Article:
to maximize the photographers' time for shooting extraordinary images."




"Mamiya and Phase One are consolidating our expertise and fulfilling our
ambitions to provide the products desired by our customers," said Tsuyoshi
Tsutsumi, CEO of Mamiya Digital Imaging. "We will continue to cooperate
and work hard to ensure that future camera systems are limited only by the imagination
and desires of the artists that use them."

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Press Release Posted: Oct 27, 2010 0 comments

Photoflex Inc. announced that all of their strobe kits will include one FlashFire 16-channel radio trigger and a receiver for each head. This represents a major price breakthrough because a high quality radio trigger and receiver can often exceed the cost of a strobe head and modifier.

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Shutterbug Staff Posted: Sep 14, 2005 0 comments

MAGIX has announced the new MAGIX Photostory on CD & DVD 4. By automatically
fixing photos and adding exciting 3D transitions, fades, effects and sounds,
the software turns simple photo collections into multimedia slideshows. Slideshows
can then be easily burned onto CD or DVD and viewed on any TV or computer screen.
MAGIX Photostory on CD & DVD 4 will be available in stores for $39.99 starting
September 15th and online at www.magix.com starting September 8th.



MAGIX Photostory on CD & DVD 4 lets you quickly and easily transform holiday
memories, family, party, and Internet photos into 3D slideshows in just three
easy steps: Import photos; edit them with transitions, zooms, music, and text;
and burn onto DVD or CD



The slideshows can also be uploaded to the free MAGIX Online Photo Album site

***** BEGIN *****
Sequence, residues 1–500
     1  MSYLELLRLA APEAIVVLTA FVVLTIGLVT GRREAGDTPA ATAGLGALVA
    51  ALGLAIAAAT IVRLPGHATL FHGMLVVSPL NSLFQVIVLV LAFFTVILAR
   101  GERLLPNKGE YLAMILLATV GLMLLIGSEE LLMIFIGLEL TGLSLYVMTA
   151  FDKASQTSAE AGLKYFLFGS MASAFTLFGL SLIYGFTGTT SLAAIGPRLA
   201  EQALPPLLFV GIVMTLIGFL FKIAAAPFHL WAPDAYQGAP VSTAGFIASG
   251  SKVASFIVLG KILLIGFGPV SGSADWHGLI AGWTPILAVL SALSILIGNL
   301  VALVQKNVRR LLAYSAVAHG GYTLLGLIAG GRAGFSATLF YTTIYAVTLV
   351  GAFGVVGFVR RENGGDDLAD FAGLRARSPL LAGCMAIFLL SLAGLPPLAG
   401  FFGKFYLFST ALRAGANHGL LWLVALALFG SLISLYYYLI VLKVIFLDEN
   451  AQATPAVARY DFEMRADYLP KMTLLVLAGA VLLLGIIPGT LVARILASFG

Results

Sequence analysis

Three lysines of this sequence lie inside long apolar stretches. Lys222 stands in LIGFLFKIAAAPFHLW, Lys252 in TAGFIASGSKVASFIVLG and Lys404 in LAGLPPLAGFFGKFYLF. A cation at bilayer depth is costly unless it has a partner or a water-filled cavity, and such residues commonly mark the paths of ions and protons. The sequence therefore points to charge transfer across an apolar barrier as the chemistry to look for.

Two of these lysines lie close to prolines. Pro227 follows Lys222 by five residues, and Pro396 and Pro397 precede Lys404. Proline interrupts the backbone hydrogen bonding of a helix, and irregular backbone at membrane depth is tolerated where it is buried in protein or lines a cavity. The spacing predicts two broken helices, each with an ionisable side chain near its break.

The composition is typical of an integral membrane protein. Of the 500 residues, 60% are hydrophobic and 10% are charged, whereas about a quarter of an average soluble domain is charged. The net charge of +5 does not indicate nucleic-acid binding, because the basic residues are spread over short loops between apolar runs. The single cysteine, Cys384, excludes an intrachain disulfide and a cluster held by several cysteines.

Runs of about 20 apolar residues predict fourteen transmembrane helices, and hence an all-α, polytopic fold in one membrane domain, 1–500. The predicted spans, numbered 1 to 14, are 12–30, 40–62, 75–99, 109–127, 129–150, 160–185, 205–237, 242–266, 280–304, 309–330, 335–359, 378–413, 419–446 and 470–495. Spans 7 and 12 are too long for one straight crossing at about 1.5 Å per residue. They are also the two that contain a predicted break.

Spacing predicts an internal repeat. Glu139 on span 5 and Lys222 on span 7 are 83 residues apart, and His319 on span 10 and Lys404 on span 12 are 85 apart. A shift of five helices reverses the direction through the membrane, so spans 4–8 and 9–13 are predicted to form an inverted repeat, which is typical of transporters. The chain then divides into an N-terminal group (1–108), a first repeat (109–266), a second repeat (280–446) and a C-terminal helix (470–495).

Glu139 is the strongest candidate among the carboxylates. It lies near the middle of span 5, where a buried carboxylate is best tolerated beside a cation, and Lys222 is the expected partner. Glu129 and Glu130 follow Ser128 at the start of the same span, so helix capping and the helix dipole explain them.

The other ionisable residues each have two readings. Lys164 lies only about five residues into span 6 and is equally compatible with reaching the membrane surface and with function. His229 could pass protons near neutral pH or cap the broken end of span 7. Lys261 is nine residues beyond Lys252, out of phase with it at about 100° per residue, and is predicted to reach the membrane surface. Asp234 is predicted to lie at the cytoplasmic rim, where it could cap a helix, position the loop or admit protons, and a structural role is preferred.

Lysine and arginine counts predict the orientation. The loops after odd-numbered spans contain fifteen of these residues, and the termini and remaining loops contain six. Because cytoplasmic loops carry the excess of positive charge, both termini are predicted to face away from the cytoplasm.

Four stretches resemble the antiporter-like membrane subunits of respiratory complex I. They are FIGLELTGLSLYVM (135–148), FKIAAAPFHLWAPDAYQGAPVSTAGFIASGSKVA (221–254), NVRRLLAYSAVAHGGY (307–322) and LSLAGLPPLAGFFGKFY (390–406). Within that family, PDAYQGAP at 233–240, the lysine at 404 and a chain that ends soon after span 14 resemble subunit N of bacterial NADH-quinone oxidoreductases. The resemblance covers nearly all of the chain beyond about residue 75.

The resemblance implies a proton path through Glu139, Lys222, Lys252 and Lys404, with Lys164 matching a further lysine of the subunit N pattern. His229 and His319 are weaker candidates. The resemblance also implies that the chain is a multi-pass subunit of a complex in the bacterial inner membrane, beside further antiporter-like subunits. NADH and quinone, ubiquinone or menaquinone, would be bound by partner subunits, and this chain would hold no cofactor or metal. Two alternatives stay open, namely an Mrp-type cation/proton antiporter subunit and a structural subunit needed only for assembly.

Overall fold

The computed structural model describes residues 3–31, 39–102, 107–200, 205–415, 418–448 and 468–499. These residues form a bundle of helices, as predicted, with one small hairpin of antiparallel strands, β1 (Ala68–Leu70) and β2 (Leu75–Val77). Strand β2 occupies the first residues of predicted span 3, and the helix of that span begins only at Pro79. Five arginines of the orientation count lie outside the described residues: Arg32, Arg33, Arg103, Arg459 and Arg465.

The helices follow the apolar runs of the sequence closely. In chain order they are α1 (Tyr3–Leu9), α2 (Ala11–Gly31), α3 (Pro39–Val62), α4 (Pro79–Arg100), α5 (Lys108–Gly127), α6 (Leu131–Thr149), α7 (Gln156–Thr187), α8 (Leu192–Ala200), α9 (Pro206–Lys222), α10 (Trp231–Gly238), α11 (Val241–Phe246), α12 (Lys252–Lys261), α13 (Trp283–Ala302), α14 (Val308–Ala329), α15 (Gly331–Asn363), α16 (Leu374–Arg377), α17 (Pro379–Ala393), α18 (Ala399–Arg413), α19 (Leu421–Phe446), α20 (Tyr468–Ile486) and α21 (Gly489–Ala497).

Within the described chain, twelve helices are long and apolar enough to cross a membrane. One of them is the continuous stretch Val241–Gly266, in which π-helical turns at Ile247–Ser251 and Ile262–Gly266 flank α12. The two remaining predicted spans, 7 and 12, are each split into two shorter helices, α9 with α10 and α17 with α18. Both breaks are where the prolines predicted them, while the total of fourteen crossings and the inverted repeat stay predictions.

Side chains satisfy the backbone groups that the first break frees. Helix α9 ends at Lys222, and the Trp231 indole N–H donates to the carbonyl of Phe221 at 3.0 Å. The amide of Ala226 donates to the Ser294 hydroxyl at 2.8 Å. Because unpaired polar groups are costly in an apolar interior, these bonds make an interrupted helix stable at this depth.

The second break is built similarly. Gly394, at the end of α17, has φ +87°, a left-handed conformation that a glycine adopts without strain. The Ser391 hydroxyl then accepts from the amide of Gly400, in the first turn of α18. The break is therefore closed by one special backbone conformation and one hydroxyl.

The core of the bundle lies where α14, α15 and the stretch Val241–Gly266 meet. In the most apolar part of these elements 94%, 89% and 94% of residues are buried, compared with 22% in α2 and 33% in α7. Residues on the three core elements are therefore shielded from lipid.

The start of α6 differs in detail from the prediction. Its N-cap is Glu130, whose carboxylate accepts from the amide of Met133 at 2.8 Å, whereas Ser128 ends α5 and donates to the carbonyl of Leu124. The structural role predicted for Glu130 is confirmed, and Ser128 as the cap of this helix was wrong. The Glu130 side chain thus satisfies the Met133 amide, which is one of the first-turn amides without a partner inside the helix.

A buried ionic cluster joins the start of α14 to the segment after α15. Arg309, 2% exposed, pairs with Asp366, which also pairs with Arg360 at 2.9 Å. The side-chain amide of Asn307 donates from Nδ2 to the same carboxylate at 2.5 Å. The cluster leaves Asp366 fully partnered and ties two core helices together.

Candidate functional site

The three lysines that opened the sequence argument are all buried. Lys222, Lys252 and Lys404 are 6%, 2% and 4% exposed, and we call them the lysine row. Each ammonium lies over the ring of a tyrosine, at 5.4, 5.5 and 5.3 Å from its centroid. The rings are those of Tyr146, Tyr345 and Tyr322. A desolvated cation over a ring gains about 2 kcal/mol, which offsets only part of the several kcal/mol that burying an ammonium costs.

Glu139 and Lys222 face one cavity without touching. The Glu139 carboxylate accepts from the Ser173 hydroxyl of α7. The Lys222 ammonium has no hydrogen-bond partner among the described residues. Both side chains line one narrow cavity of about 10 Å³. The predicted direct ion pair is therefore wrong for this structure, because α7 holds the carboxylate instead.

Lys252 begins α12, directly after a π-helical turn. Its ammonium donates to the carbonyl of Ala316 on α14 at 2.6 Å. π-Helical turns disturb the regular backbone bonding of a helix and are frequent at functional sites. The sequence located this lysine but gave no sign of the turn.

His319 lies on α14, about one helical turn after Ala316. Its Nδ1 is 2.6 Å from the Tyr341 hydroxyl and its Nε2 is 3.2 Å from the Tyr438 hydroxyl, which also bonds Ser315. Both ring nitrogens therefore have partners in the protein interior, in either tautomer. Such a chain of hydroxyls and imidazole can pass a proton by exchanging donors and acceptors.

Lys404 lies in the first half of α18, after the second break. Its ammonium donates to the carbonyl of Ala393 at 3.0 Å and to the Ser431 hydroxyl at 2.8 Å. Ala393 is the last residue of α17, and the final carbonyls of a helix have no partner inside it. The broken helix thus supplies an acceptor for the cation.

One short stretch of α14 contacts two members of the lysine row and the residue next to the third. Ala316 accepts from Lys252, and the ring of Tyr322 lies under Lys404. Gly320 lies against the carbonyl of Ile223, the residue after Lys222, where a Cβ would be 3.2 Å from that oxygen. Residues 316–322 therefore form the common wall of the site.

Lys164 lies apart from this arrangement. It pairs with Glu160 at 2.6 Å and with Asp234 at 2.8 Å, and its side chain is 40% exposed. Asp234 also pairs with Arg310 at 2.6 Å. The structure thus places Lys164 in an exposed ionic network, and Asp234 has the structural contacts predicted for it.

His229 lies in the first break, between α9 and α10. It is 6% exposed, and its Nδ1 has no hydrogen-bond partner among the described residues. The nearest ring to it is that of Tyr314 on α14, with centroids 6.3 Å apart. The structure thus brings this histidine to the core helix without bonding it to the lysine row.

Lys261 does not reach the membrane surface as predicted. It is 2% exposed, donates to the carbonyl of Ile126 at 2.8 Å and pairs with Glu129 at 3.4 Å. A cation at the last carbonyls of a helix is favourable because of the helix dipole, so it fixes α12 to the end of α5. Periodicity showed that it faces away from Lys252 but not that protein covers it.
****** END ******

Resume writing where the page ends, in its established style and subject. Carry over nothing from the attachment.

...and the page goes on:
at www.magix.com directly from the software, where photos can be viewed in fullscreen
mode with music. Photo products can also be ordered directly from the site as
well as from the software on premium paper, calendars, t-shirts, and mugs, etc.
The site also has an Online Content Library to enrich your slideshow with stock
photos. Photos on CD & DVD 4 also burns DVD player-compatible JPEG discs
for fast playback optimized for TV viewing.



MAGIX Photostory on CD & DVD 4 will be available in stores for $39.99 starting
September 15th and online at www.magix.com
starting September 8th. See www.magix.com
for more info.
...

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Shutterbug Staff Posted: Oct 31, 2006 0 comments

Adobe Systems Incorporated (Nasdaq:ADBE) today announced an update to the
Camera Raw plug-in for Adobe Photoshop CS2, extending raw file support to five
additional camera models. Available as a free download from Adobe's Web site,
the Camera Raw 3.5 plug-in builds on the raw file support integrated in Photoshop
CS2 for digital cameras from leading manufacturers including Nikon, Kodak, Panasonic
and Sony. Adobe today also announced that the DNG Converter is available as
a Universal Binary, allowing it to perform natively on Macintosh Intel-based
computers. The free Adobe DNG Converter, which translates all Photoshop-supported
raw photo formats into the universal .DNG file format, gives photographers a
single unified file format for archiving raw files.